You might have encountered social media posts discrediting the role of carbohydrates in a balanced diet. They tell you that carbs are to be avoided at all costs, possibly due to the influence of diets like Atkins. But are these claims as solid as they appear?
Let’s analyze several popular claims about carbs, their pros and cons, and how they can be instrumental in your weight loss journey.
Claim: Carbohydrates cause diabetes
Carbohydrates, in excess, can certainly play a role in diabetes, but this is a bit shortsighted. Carbohydrates are not a solo actor in this problem. They are as guilty of causing diabetes as a passenger is guilty of causing a car accident. They’re there, and maybe had a bit of an influence, but they weren’t likely solely responsible for the crash.
Type 2 diabetes is ultimately developed through dysfunction in the pancreas’ ability to dish out insulin, or the cells’ ability to take in blood sugar (Galicia-Garcia et al., 2020). Both alone or in conjunction can lead to elevated blood sugar levels. It has also been proposed that fat accumulation within the cells plays a role in insulin resistance, further demonstrating carbohydrates are not the sole actor.
Excess calories, body fat, and inactivity are the largest contributors to the two. Carbohydrates, and sugar, demonstrate a reflection of the disease rather than the culprit. Fortunately, when the goal is to lose body fat or build muscle the downstream negatives from high carbohydrate intakes are mitigated. Not to mention, those with diabetes who do resistance training see improvements in their ability to manage blood sugar even with no changes in normal carbohydrate intake (Gordon et al., 2009).
Takeaway: Carbs don’t give you diabetes and impair weight loss directly through metabolic dysfunction.
Claim: Carbohydrates cause obesity
While excess carbohydrates can lead to obesity, much like fat, they don’t directly make someone obese. Carbohydrates themselves do not get stored as fat; they need to be converted first. Carbohydrates are preferentially stored in the muscles, liver, and blood and are one of the primary fuels for the central nervous system. The body can make fat from carbohydrates, but it is not the first choice, and it takes some extra energy to complete the process.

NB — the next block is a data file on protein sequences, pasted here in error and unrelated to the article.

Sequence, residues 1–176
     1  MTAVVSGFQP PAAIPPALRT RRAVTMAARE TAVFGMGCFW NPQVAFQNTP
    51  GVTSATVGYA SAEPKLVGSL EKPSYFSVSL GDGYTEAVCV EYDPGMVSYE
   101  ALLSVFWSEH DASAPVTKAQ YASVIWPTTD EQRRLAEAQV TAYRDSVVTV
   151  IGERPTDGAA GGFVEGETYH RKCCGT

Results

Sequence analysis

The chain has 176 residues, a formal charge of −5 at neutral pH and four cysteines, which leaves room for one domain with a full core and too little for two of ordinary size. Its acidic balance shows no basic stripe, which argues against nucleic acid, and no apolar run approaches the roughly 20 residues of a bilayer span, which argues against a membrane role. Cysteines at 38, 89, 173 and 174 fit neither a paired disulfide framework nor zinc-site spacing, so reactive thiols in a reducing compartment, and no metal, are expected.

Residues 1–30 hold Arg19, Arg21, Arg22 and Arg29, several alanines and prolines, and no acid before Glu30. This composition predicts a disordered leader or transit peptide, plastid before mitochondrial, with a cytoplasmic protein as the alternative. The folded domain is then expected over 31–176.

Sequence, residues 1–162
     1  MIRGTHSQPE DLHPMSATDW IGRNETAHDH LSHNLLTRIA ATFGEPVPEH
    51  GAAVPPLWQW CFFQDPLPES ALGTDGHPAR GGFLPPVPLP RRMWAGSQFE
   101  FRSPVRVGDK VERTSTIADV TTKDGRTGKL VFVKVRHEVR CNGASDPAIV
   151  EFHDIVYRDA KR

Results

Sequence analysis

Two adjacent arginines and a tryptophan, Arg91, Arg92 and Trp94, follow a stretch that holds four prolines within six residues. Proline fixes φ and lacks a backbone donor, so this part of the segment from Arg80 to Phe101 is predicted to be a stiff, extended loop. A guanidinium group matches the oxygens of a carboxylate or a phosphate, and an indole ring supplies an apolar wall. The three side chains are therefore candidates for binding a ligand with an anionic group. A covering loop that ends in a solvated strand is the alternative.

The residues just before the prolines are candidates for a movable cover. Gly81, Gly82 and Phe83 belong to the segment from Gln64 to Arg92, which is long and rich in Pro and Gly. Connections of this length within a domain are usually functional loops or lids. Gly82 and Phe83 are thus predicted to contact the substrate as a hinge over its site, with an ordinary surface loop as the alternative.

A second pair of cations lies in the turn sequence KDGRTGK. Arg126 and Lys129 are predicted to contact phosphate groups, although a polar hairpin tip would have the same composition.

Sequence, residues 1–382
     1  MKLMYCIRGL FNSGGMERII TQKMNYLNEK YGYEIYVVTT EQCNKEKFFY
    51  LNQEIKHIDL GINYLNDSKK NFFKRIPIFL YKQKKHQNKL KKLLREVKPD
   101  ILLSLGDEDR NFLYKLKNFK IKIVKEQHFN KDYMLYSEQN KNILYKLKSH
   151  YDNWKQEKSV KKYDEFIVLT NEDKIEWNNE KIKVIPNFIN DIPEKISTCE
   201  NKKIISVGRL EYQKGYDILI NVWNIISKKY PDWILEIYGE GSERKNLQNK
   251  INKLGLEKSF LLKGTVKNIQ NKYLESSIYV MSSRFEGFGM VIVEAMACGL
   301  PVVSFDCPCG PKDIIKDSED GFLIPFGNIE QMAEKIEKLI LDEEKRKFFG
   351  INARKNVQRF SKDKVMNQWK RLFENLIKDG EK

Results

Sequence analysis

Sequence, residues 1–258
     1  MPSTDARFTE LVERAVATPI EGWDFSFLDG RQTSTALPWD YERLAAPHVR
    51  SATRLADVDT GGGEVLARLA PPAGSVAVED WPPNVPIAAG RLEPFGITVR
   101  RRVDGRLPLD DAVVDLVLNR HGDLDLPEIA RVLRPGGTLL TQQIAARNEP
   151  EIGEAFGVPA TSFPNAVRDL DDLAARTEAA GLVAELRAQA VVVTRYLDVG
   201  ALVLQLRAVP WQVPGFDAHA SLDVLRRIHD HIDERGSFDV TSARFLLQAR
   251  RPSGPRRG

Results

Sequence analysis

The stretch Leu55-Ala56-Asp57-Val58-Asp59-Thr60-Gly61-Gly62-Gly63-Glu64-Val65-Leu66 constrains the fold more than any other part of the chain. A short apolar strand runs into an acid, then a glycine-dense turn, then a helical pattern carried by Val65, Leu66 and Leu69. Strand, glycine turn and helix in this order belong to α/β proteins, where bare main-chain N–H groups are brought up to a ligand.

Think of using your oven to heat your house. Your oven is designed to heat food and is probably best at serving this purpose. Could you use it to heat your house? Probably, but there are more effective ways to heat the house, and using the oven would likely waste energy.
If you are consistently eating more calories than you need over time, you are certainly going to gain weight, regardless of where the calories are coming from. Fats, however, are far more likely to be stored, than carbohydrates, as body fat (Horton et al., 1995).
Takeaway: Carbs don’t make you obese and make weight loss harder. In some cases, they can make it easier! They can improve performance in exercise and require extra energy to be converted into fat.
Claim: There are Good Carbs and Bad Carbs
These claims are directly related to the level of processing a food has. Generally, when a food has a higher degree of processing, it is considered worse off for our health. The reality is that this subjugates itself to the naturalistic fallacy. Assuming that things that aren’t processed are better than things that are processed.